The thing was, I actually hated teaching yoga for the first year of my career. Why, you ask? Because I was so nervous that I would literally black out with fear anytime I stepped in front of a class. I associated teaching with that horrible, sinking feeling in your stomach and extreme anxiety. Sounds fun, right?
Luckily, my inner Taurus stubbornly plowed forward, committed to giving it a real shot even though- and maybe especially because– it scared me.
The 200 hour YTT also illuminated GLOW once more. I’d buried that away, thinking I was a “failure” for not being able to get things off the ground the way I’d dreamed. But when I dove into yoga philosophy in my YTT, it reminded me of compassion, forgiveness, non-judgement.
Basically, I told those self-limiting beliefs to take a hike, and re-built GLOW from the ground up. Only this time with strategy and a singular focus of solar solutions in off-the-grid communities.
I taught my first Glow Yoga Retreats event less than a year after graduating to raise money for GLOW’s second round of projects in numerous African countries.
This is when I realized, this is it. This is how I’ll be able to marry the three things I love most: yoga, travel, and service.
In 2015, I left the US for what I thought would be the last time. I had no intention of returning. For the next 5 years, I lived out of my backpack across Africa and Asia (primarily) while teaching international retreats, leading solar projects impacting thousands of people, and simultaneously building my Instagram presence.
By 2019, I was starting to slow down, and burn out. My health had taken a drastic turn for the worse after that damn African Tick Bite Fever, and I knew I was ready to find “home,” but I certainly didn’t know it would all happen the way it did.
At the end of the year, I met my (now) wife. This was as surprising to me as it was to everyone else, because I didn’t know I was bisexual. Which meant I got to go through the coming out process at 31-years-old, while also being in the public eye (as I’d amassed nearly 400k Instagram followers at this point).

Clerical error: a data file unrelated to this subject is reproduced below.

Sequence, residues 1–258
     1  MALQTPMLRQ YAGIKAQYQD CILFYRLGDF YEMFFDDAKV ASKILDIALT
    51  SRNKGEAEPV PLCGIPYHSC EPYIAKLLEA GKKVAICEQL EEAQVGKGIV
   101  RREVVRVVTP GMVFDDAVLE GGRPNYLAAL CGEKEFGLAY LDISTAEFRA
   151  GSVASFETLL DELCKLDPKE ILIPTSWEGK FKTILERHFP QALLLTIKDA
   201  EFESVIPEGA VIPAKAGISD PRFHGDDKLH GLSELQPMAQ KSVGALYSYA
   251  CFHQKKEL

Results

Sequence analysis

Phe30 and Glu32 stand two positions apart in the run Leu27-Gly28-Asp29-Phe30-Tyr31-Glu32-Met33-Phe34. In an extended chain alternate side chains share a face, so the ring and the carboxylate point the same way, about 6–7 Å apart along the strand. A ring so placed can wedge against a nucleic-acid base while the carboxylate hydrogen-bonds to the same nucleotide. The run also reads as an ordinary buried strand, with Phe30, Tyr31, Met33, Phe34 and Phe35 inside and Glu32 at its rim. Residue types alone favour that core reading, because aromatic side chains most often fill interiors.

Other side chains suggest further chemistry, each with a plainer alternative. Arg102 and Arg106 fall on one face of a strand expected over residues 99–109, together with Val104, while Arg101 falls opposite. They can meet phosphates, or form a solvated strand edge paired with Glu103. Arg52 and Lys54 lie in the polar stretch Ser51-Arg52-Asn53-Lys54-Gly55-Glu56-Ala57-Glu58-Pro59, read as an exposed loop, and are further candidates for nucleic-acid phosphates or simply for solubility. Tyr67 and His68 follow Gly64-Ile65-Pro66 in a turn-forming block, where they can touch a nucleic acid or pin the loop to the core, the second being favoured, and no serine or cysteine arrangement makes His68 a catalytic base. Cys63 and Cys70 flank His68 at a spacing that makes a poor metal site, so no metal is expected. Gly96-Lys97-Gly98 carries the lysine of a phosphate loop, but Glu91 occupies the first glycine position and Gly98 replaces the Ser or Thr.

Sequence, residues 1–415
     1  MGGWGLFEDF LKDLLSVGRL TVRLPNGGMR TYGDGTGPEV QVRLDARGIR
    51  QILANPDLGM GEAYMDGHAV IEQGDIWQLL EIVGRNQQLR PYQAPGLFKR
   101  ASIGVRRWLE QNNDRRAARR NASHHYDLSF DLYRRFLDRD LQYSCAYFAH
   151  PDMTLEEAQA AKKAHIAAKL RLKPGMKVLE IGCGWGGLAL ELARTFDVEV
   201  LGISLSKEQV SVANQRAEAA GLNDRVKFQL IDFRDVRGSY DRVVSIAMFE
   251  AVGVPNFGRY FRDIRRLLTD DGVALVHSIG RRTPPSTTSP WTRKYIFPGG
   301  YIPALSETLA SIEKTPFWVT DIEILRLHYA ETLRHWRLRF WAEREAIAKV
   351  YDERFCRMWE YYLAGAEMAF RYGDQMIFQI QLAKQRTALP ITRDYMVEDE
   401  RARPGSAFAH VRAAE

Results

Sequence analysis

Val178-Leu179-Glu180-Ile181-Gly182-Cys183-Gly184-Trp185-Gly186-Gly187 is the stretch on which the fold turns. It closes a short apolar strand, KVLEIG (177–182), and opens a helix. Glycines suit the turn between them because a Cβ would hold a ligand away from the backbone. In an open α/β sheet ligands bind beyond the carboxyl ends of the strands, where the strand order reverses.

The truth is, it didn’t feel like a hardship at the time, because I was so disgustingly in love. This was also helpful considering that I moved back to the States to be with my wife (an exec at a tech company in San Francisco…talk about a culture shock) during a global Pandemic.
As rocky as this adjustment period was, this was really the moment that my career really exploded (in a good way). I guess it really started when I became one of Alo Moves top performing teachers. But when the Pandemic hit, it took at-home yoga and online courses to a whole new level.
Maybe it was the Covid era, maybe it was being in a place with strong Wifi for a full year straight, or maybe it was my newfound motivation to not just provide for myself- but also for my *growing* family (we have a lot of dogs, okay?)
Either way, the last three years have been dedicated to growth and healing on all fronts. Of course, what I’m able to offer through my businesses is only a reflection of the inner and relational work I’ve done.
There has been equal parts welcoming the new, and saying goodbye to the old. GLOW officially stopped operations during 2020, which felt like I was grieving my first born. However, I’m happy to report that due to our microfinance model, the funds we raised are still continuously recycled and reused even today.
That’s the whole point, after all.
For the communities you serve not to need you anymore.
These last few years have also meant: buying land in Nicaragua (where we met and fell in love) to build our own retreat center. In typical wlw fashion, we U-hauled HARD by jumping into marriage and business together within a year of being together. It wasn’t easy. In fact, there were times we both almost quit (the business, not the marriage).
But again, resilience won, and we’re happily celebrating our third season at Still Salty Escape being nearly fully booked.
The point is that since I came out, I’m able to live as my ACTUAL authentic self with love, and in love.
I’m pretty sure that love is the superpower that’s made all of this into my reality.